Monday, January 17, 2011

The Treasure of the Sierra Madre

What's interesting to me about this film was how much it surprised me with Humphrey Bogart's character. I thought it would be a fairly standard if well made old fashioned adventure movie, with him and a couple other guys seeking gold in a foreign land. Early scenes had a bit of an edge, as he and another man who were swindled out of proper pay for some work they did beat the cash out of the guy who cheated them. But he still seemed like his usual self with the rough charm and everything, and as the plot really got going, I saw no reason to change my mind. But very slowly, the movie reveals how much of a dick he really is under that likable exterior, and after a while, he's basically playing the villain. The pacing of the transition is really great, as he gradually transforms from a guy eager to make a fortune, to one a little too defensive of the money he's made, to a completely delusional, paranoid and basically crazy son of a bitch. His companions see the warning signs but aren't quite prepared for what he ends up doing, and the movie ends up a lot darker than what I thought I was going to see.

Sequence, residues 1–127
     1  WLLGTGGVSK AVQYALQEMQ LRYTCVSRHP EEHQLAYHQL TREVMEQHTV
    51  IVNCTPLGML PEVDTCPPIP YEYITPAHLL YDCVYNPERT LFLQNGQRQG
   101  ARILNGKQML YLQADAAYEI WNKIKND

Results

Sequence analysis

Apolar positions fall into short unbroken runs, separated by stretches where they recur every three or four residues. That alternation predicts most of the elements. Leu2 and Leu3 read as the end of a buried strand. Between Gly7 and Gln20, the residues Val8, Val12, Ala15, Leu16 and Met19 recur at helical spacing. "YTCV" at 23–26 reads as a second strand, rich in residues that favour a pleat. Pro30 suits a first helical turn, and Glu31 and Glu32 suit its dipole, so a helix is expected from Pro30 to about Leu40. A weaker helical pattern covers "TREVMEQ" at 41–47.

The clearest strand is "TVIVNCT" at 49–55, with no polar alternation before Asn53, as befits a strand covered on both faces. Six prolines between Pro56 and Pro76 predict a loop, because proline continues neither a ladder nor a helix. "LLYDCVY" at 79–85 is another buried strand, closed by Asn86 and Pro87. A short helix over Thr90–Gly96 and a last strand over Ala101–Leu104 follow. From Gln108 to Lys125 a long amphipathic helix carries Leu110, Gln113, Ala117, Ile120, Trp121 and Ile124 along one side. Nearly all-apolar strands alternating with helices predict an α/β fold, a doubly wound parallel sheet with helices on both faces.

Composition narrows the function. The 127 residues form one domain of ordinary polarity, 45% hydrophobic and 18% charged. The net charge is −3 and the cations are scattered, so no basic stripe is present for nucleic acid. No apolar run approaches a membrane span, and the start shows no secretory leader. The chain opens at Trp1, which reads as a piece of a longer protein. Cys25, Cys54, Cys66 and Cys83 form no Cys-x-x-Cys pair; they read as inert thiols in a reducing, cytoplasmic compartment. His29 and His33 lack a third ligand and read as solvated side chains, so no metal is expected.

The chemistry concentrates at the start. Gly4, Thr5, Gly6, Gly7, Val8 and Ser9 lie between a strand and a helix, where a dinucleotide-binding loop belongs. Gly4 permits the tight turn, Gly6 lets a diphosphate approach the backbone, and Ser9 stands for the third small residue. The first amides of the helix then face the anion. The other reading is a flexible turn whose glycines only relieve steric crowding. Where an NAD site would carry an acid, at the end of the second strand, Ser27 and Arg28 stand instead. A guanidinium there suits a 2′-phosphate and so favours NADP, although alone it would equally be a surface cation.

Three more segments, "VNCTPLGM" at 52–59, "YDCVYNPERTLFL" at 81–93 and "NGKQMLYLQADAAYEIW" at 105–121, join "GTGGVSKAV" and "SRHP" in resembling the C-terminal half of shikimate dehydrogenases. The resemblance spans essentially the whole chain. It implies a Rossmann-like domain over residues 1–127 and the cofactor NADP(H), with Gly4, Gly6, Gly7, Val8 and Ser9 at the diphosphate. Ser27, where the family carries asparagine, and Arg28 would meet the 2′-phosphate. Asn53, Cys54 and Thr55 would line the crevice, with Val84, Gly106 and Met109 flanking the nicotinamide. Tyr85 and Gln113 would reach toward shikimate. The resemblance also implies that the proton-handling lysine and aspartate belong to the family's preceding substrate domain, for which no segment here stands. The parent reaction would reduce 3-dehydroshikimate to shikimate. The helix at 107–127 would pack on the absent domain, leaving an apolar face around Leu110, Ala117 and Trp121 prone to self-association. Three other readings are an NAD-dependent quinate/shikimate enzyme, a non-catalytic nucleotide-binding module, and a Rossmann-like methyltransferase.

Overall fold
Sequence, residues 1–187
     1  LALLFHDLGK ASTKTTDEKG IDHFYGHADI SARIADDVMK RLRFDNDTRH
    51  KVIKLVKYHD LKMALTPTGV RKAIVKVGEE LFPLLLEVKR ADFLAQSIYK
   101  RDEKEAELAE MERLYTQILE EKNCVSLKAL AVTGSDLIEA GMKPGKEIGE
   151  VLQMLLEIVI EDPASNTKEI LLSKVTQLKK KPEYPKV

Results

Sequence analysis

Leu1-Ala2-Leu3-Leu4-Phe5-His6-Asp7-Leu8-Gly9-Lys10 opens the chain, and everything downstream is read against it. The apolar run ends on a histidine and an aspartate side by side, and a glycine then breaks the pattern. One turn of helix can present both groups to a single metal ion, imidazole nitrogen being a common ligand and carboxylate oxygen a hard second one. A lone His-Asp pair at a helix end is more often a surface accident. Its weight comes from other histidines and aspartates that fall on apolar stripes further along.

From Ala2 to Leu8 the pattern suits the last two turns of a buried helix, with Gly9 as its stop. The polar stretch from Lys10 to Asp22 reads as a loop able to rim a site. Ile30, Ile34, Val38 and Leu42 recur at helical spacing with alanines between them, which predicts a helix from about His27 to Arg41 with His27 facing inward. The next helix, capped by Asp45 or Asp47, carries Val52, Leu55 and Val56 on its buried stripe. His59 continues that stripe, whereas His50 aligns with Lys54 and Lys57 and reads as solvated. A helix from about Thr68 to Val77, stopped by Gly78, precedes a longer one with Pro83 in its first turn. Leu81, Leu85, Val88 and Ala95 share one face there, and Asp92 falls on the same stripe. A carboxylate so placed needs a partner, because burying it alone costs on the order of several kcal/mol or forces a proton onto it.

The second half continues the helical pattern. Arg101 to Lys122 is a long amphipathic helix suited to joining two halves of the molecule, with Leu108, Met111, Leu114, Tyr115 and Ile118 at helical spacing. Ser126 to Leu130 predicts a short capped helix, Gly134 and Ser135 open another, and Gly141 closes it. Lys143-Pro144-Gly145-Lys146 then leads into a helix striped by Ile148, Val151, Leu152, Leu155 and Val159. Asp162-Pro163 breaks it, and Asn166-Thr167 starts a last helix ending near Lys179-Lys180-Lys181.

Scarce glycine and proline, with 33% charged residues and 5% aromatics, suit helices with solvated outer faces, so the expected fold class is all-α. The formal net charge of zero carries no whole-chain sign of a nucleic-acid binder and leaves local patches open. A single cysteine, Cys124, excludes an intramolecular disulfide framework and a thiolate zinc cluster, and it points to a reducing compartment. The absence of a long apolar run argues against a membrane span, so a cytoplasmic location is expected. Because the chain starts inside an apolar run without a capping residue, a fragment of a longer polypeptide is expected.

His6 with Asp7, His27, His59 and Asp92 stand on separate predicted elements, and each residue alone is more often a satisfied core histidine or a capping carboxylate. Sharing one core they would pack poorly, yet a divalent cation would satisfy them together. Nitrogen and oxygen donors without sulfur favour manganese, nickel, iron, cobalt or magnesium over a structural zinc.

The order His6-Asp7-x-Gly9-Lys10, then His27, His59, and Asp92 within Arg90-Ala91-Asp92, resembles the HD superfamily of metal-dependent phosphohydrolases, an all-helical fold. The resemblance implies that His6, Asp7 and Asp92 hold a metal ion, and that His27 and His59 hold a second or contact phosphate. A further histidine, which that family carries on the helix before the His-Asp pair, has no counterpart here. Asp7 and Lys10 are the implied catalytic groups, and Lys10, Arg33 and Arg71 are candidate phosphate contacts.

And it's a better film for it, I think. I was certainly enjoying it up to the point where things start changing, with the three main actors developing an interesting little community together and a script totally rife with snappy dialogue. It's known for one of the most famous misquoted lines in history involving stinking badges, but there's a whole lot of talking the whole movie through, and there's no shortage of nice bits. I also liked how the Spanish dialogue wasn't subtitled at all, either letting characters translate it for their monolingual cohorts or just making you figure out what's happening in a scene through action and context. I'd generally expect movies from this era to just have Mexican characters always speaking English, and it really helped add to the authenticity of a fairly gritty tale. The acting is solid, and although I wasn't sure about Walter Huston winning an Oscar for his work, there's something really likable about the old guy. And all of that would have made for a solid movie, but the way things turn bad as it goes on are what really make it the classic it's considered today. It's not quite one of my favorites of the era, but it's hard to deny that it's a really good one.

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